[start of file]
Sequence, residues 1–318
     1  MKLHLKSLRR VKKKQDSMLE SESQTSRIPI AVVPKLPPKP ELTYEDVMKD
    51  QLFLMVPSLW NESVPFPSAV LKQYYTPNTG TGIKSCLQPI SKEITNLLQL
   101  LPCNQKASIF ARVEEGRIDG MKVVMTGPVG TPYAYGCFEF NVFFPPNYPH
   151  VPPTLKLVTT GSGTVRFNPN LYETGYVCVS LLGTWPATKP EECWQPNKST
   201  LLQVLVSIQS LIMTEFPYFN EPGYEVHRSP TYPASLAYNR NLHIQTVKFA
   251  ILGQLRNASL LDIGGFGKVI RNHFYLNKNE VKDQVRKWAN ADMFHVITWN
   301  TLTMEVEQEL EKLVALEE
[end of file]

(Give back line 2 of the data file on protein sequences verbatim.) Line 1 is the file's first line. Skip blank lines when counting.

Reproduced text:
     1  MKLHLKSLRR VKKKQDSMLE SESQTSRIPI AVVPKLPPKP ELTYEDVMKD